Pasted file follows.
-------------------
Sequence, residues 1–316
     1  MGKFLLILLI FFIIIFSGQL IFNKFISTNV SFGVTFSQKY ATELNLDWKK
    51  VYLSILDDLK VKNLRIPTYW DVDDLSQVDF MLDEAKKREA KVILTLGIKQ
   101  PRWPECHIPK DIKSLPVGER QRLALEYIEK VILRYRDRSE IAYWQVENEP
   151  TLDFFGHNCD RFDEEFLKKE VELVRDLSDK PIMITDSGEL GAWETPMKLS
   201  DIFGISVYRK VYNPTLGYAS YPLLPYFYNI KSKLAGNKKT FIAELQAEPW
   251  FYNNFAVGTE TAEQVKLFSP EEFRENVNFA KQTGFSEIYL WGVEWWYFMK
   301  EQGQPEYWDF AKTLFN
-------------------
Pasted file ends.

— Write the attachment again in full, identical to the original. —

Sequence, residues 1–316
     1  MGKFLLILLI FFIIIFSGQL IFNKFISTNV SFGVTFSQKY ATELNLDWKK
    51  VYLSILDDLK VKNLRIPTYW DVDDLSQVDF MLDEAKKREA KVILTLGIKQ
   101  PRWPECHIPK DIKSLPVGER QRLALEYIEK VILRYRDRSE IAYWQVENEP
   151  TLDFFGHNCD RFDEEFLKKE VELVRDLSDK PIMITDSGEL GAWETPMKLS
   201  DIFGISVYRK VYNPTLGYAS YPLLPYFYNI KSKLAGNKKT FIAELQAEPW
   251  FYNNFAVGTE TAEQVKLFSP EEFRENVNFA KQTGFSEIYL WGVEWWYFMK
   301  EQGQPEYWDF AKTLFN